US 4317167 A
A circuit arrangement in which an information processor which includes at least one microprocessor, especially a microprocessor responding to measurement, control or regulatory signals in an energy supply installation, an industrial plant or process or the like, is monitored by a control unit which responds upon a failure of the microprocessor to provide a failure signal which can be used to alert an operator.
1. An information-processing circuit comprising, in combination:
a microprocessor-controlled unit responsive to input signals of an installation representing parameters of the operation thereof to be monitored and producing output signals for controlling said operation, said microprocessor-controlled unit including a microprocessor having a power supply source and a memory cooperating with said microprocessor; and
a control unit connected to said microprocessor for continuously monitoring the operation thereof, said control unit being responsive to a control signal outputted from said microprocessor and including means for generating a failure signal upon detection of a functional failure of said microprocessor, said microprocessor outputting a train of control signals in predetermined time-spaced relationship which pass through at least one stage of the microprocessor prior to appearing at a control terminal thereof, said control unit being responsive to a failure in the train of control signals.
2. The information-processing circuit defined in claim 1 wherein said control unit includes a time constant network responsive to an excessive duration between control signals at said terminal.
3. The information-processing circuit defined in claim 2 wherein said time constant network is a resistor-capacitor network.
4. The information-processing circuit defined in claim 1 wherein said control unit forms part of the microprocessor.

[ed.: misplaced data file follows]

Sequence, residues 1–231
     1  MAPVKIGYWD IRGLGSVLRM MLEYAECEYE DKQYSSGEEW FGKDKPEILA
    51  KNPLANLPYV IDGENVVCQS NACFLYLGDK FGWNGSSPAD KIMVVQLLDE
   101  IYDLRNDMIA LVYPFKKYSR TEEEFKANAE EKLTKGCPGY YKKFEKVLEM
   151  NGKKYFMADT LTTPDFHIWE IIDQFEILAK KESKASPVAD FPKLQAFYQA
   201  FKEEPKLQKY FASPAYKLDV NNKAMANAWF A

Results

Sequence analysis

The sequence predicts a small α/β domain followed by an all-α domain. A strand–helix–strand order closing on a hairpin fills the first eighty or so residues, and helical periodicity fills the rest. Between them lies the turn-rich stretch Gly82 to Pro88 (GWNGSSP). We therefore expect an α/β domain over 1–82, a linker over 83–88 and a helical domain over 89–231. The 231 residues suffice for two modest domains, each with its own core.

5. The information-processing circuit defined in claim 4 wherein the microprocessor has a self-monitoring output terminal at which said failure signal appears.
6. The information-processing circuit defined in claim 1, further comprising an optoacoustic output device triggered by said failure signal and connected to said control unit.
7. The information-processing circuit defined in claim 1 wherein said failure signal is an electronic alarm signal.
8. The information-processing circuit defined in claim 1, further comprising a standby microprocessor operatively connected to said control unit and switched into said circuit upon the generation of said failure signal by said control unit in place of the first-mentioned microprocessor.
9. The information processing circuit defined in claim 1, further comprising an electric power supply for said control unit independent of the supply for said microprocessor-controlled unit.
10. A method of operating a microprocessor for the control of an electric pkower or other industrial installation which comprises the steps of:
detecting a multiplicity of operating conditions at said installation and producing respective electrical input signals representing parameters of said operating conditions;
applying said input signals to a preprogrammed microprocessor and generating a multiplicity of output signals representing preprogrammed relationships between the input signals and operational instructions to be commanded by said output signals;
controlling operating parameters of said installation with said output signals;
permanently monitoring the function of said microprocessor and generating a failure signal upon the functional failure thereof by generating within said microprocessor a train of control signals in predetermined time-spaced relationship which pass through at least one stage of the microprocessor before being outputted and detecting a failure of an outputted control signal of said train to generate said failure signal; and generating an alarm in response to said failure signal.